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Under the Art in the Comunity Program

Bernado Medina (BeMe): Lucky Love

On December 5th, the esteemed self-taught artist, designer, and creative director in advertising will unveil his seminal work, 'The Sofrito Manifesto', at the Aldo Menéndez Hall of the Museum of Contemporary Art of the Americas. He will also personally present his individual exhibition, 'Lucky Love'.

Presented by Jorge Rodriguez Diez (R10)

December 5th, 2023 - January 5th, 2024

Within the esteemed milieu of Art Basel, the illustrious Bernardo Medina, known professionally as BeMe, will grace the Aldo Menéndez Permanent Hall at the Museum of Contemporary Art of the Americas with the presentation of his tome, 'The Sofrito Manifesto', a work that proudly encompasses two volumes. In the foreword of the second volume, dedicated to the cocktails and libations commonly savored in Puerto Rico, Joaquín E. Bacardí III penned: "It is a source of great pride for me to speak on a subject that, within my family, has been woven into the fabric of our daily discourse from a young age... Born into a lineage of rum manufacturers with a father and grandfather who were master distillers, it was our customary practice to converse about our cherished beverage, one that mirrors the vibrancy, spark, and ardor with which we embrace life in the Caribbean."

This unveiling will take place amidst a personal exhibition of Medina's oeuvre. Select pieces from diverse series have been meticulously curated to offer the South Florida audience and December fair attendees as comprehensive a view as possible of the artistry Medina has cultivated over the past quinquennium. Eleven medium-format works stand out, marked by an exuberant chromatic range that flawlessly encapsulates their genesis—breathing the very air and visual culture of the Caribbean.


Under the Art in the Comunity Program

Pepe Franco: An Island Alone

Between December 2023 and January 2024, the Museum of Contemporary Art of theAmericas will welcome the Cuban artist residing in Argentina, José (Pepe) FrancoCodinach. During his tenure, Franco will create several pieces for the museum'scollections and deliver two masterful lectures.

Curated by the MoCAA Team.

December 1th, 2023 - January 5th, 2024

On December 1st, 2023, MoCAA will inaugurate three simultaneous exhibitions. One of these will be "El hombre es una isla," featuring pieces created by Pepe Franco over the last decade. In an article published by Hypermedia magazine in September 2020, Cuban art expert and professor François Vallée remarked in the introduction:

"José Franco has been a prominent figure in Cuban art since the 1980s. His artistic practice is prolific and eludes easy classification. As is often the case in what has come to be known as postmodernity, his work is marked by constant renewal and is not confined to a single medium. Instead, it spans and explores an array of forms: painting, drawing, sculpture, object art, installation, and theatrical scenography, among others. He is an artist who stands independently of the doctrinaire positions of the art world, a 'sharpshooter' demonstrating a plastic openness leading to a renewed circulation of the gaze.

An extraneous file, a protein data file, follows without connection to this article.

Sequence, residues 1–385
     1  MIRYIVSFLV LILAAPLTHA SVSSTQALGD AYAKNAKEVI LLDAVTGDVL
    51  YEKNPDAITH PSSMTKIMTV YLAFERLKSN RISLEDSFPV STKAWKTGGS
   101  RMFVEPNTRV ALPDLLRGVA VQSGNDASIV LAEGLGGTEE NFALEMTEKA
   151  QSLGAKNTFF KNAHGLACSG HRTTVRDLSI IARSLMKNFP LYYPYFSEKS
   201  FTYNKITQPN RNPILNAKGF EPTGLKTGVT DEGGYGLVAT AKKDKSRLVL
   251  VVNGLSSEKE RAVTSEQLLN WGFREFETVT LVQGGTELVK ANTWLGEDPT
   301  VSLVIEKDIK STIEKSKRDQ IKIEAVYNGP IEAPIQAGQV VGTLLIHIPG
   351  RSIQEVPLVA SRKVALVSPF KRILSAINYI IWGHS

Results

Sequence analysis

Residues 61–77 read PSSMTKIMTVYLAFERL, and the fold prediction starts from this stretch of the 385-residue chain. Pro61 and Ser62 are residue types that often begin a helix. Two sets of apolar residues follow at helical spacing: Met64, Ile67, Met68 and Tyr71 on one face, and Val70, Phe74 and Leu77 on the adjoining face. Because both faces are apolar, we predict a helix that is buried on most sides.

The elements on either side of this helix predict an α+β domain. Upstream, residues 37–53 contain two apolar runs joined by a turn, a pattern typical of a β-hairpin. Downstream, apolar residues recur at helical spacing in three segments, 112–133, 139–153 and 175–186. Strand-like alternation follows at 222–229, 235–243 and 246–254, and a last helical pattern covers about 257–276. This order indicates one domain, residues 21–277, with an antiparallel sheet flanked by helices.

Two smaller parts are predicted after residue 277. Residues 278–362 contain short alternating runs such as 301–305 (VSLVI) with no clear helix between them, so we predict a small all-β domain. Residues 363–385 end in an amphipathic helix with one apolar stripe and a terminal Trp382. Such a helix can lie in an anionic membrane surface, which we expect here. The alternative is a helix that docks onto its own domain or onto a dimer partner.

Under the Art in the Comunity Program

Tamayo's Rumba Stars

Cuban artist Reynerio Tamayo has specially conceived a large-scale piece for the Museum of Contemporary Art of the Americas, as a tribute to Cuban musicians of the last hundred years, both in Cuba and across the United States and the world. The triptych will be presented on the upcoming 1st of December.

Curated by Reynerio Tamayo and Jorge Rodriguez Diez (R10)

December 1th, 2023 - January 5th, 2024

On July 7, 2017, the Kendall Art Center (now Museum of Contemporary Art of the Americas) inaugurated "Cuban Slugger," an exhibition by the renowned Cuban artist Reynerio Tamayo. On this occasion, Tamayo expressed that this exhibition was a 'long-standing debt' he felt he owed, as he had participated in various group exhibitions on the theme of baseball but had never held a solo exhibition entirely dedicated to this sport. The project was previously showcased at Galería Habana in Havana and traveled almost in its entirety to South Florida. It was a heartfelt homage to the history of Cuban baseball and its giant protagonists, both past and present, with a bit more focus on the early stars of the 20th century. The exhibition was both formally and conceptually a sports celebration. The Galería Habana exhibition, titled “Cuba en pelota,” also served as a nod to the island's history through baseball, painting, and the socio-political story of the island. The title referenced an iconic work within the history of contemporary Cuban art: Antonia Eiriz's "La muerte en pelota" from 1966, thus paying tribute to this great Cuban artist of all time. For Tamayo, it was essential to hold the exhibition in its natural settings. 'From one side only, it remained incomplete,' he expressed.


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